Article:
Best Hikes in the National Forests in Florida (FL)

Overview

The National Forests in Florida manage three national forests: the Apalachicola, Osceola and Ocala. Combined, these national forest lands span almost 1.2 million acres in north and central Florida. That 1.2 million acres includes about 500,000 acres of wetlands and more than 85,000 acres of designated federal wilderness. The best hikes in the National Forests in Florida described below are included in more than 1400 miles of trails. Official Website.

Apalachicola National Forest

Apalachicola National Forest is the largest national forest in Florida and is located in the Florida Panhandle, southwest of Tallahassee. The Apalachicola is one of the most biodiverse forests in the country and is home to the largest recovered population of endangered red-cockaded woodpeckers in the world. 

Ocala National Forest

Nestled just north of Orlando between well-known theme parks and white, sandy beaches, the jewels of the Ocala National Forest attract visitors from around the world. Ocala is the southernmost forest in the continental United States and protects the world’s largest contiguous sand pine scrub forest.

Osceola National Forest

Located between Lake City and Jacksonville and bisected by Interstate 10, the Osceola is Florida’s northernmost and smallest national forest. It includes several wildernesses and a wildlife corridor that stretches north towards the Okeefenokee National Wildlife Refuge in Georgia.

StateFlorida
Nearest Metro AreaTallahassee, FL (Apalachicola)
Orlando, FL (Ocala)
Jacksonville, FL (Osceola)
Area Size567,742 acres (Apalachicola)
385,000 acres (Ocala)
226,000 acres (Osceola)
EstablishedMay 13, 1936 (Apalachicola)
November 24, 1908 (Ocala)
July 10, 1931 (Osceola)
Hiking Trails233 miles

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Trailhead Traveler’s Recommended Hikes in the National Forests in Florida

(*** = Best Hikes in the National Forests in Florida)

Florida Trail (Cathedral of Palms) (Apalachicola) – 6.2 mile loop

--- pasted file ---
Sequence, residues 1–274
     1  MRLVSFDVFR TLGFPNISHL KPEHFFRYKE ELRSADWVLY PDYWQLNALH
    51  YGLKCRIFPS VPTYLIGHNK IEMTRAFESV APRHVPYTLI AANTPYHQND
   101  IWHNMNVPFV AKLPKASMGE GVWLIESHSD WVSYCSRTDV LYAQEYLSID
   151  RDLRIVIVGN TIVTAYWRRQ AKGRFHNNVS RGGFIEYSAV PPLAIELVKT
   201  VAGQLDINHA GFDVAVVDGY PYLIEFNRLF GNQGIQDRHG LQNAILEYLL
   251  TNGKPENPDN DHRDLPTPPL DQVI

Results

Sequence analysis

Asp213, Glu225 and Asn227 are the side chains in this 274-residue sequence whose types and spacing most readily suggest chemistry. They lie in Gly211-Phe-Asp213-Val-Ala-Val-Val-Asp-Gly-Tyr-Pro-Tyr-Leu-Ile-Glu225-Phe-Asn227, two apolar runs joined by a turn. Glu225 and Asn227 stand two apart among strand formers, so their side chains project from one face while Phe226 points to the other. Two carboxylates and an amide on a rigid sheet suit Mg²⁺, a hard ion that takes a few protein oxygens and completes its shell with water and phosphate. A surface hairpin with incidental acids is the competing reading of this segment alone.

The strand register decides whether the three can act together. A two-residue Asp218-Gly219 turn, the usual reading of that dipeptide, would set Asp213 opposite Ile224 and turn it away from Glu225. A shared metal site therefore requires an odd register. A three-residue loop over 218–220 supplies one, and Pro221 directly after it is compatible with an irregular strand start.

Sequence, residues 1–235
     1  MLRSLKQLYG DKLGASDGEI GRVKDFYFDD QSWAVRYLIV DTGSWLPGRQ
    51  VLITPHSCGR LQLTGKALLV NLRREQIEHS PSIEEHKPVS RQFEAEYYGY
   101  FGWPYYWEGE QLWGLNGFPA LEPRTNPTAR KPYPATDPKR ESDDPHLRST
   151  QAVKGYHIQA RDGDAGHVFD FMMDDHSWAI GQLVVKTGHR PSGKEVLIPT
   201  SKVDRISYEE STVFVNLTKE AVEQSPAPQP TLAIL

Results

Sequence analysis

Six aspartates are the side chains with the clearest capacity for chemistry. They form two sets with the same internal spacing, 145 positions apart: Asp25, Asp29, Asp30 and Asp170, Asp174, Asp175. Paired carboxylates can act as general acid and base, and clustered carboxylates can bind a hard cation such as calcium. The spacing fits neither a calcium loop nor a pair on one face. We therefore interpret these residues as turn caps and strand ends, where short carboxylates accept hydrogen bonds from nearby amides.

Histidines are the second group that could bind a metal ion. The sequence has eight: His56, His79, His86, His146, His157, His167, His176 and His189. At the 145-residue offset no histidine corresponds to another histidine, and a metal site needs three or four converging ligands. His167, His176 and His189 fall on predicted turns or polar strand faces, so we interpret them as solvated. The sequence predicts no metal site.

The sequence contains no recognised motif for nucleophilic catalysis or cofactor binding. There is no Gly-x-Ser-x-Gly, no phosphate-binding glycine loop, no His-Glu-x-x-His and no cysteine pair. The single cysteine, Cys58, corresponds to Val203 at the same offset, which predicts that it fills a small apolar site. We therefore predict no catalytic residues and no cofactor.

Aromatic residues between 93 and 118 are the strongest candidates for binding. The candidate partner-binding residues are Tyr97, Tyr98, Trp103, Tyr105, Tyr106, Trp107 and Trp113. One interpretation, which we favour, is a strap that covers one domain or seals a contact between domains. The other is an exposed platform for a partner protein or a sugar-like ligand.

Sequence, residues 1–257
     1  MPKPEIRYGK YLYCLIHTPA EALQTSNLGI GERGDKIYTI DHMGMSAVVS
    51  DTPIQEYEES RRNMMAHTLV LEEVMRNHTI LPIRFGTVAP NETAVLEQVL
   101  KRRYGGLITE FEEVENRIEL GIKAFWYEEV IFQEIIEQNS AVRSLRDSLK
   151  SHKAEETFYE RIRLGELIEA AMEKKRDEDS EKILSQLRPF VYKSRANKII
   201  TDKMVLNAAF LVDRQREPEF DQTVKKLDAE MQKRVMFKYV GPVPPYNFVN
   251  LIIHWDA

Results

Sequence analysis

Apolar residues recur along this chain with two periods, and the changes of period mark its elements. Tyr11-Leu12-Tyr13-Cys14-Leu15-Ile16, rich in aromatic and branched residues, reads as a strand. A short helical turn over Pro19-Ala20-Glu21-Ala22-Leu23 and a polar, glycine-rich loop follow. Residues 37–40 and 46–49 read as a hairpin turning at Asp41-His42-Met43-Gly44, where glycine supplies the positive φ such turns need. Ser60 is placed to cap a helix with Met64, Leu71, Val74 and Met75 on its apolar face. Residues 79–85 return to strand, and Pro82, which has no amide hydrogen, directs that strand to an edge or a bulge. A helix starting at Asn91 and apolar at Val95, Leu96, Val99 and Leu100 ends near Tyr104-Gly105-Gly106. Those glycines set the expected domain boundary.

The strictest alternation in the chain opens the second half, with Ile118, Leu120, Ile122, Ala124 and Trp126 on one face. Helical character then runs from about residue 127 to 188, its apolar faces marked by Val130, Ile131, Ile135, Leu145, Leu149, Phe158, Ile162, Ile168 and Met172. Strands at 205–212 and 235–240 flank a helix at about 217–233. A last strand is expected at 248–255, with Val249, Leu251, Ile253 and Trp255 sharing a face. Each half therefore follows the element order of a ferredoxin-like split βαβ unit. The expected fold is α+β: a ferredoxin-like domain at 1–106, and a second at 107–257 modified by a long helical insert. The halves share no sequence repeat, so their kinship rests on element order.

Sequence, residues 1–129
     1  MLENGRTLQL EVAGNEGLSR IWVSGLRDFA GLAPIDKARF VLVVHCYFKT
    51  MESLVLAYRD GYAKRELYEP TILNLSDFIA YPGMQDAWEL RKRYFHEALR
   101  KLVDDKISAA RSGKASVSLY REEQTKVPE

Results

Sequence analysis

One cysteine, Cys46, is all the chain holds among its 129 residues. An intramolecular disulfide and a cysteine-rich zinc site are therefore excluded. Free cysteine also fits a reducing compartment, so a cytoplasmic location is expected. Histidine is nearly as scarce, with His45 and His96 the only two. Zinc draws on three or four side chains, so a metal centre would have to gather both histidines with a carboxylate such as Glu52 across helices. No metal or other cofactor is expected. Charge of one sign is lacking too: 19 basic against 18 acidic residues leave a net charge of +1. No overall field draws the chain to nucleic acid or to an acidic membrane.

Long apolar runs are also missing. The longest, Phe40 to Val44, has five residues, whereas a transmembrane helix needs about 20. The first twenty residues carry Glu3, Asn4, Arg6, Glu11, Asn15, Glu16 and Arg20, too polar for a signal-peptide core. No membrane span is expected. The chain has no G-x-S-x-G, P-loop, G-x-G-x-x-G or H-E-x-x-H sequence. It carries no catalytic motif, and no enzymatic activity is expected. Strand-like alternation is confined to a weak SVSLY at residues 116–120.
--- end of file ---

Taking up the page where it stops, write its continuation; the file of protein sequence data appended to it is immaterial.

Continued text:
This is a great section of the Florida National Scenic Trail that includes a cathedral-like forest of palm trees. Be prepared to cross some swampy, muddy sections with plenty of spiders and snakes.

Florida Trail (Clearwater Lake to Alexander Springs) (Ocala) – 9.7 miles one-way

Quiet but enjoyable section of the FNST. Alexander Springs is a broad and naturally gently sloped spring pool is a constant 72°F and extraordinarily clear. Follow orange blazes south to the 32 acre, Clearwater Lake. There are shorter spur and loop trails near each end point if you’d prefer.

Juniper Springs Nature Trail (Ocala) – 0.8 mile out and back

An easy, accessible walk between the swimming area at Juniper Springs and the lovely Fern Hammock Springs. The trail is part footpath and mostly boardwalk as it follows the sinuous path of the two spring runs through a dense subtropical forest. Juniper Springs is one of the oldest and best-known recreation areas on the East Coast.

Leon Sinks Loop (Apalachicola) – 3.6 mile loop

The land in this area is underlain by a layer of limestone, eroded and dissolved by rainwater and groundwater to form caverns, holes, and tunnels. This type of terrain is called “karst” and results in many geological features such as wet sinkholes, depressions, natural bridges and a disappearing stream. The loop around the site views the numerous sinkholes and geological features. Portions of the trail remain closed to restore the habitat.

St. Francis Trail (Ocala) – 7.2 mile loop

This trail works its way through floodplain forest habitats along the St. Francis Dead River to the ghost town of St. Francis at the south edge of the Alexander Springs Wilderness Area. St. Francis was a thriving river port in the late 1800s as steamboats worked their way from Jacksonville upriver along the St. Johns to Sanford. Here, they’d stop to exchange household goods for citrus and timber. The town faded away after river traffic vanished in the wake of railroads, but the St. Francis Trail lets visitors take a long walk through floodplain forests and pine flatwoods in search of the past.

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